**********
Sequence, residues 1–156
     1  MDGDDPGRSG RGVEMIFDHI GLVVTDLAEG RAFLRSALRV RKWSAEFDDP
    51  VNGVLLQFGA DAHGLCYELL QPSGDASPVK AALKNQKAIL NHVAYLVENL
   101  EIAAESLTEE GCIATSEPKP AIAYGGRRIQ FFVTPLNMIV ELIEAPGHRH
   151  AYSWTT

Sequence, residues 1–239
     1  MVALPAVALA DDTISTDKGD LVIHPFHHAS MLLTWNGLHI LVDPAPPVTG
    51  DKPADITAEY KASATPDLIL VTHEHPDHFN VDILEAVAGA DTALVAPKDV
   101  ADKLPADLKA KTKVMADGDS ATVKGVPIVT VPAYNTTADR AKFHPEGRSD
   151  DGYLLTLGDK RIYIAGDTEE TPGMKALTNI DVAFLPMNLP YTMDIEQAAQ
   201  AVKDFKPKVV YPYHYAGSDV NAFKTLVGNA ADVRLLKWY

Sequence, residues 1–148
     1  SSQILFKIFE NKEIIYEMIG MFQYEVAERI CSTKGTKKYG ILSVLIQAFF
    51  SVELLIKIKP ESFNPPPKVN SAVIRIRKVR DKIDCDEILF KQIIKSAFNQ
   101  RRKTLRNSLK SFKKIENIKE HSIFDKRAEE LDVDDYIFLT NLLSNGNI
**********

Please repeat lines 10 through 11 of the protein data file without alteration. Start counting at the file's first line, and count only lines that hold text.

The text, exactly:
   151  DGYLLTLGDK RIYIAGDTEE TPGMKALTNI DVAFLPMNLP YTMDIEQAAQ
   201  AVKDFKPKVV YPYHYAGSDV NAFKTLVGNA ADVRLLKWY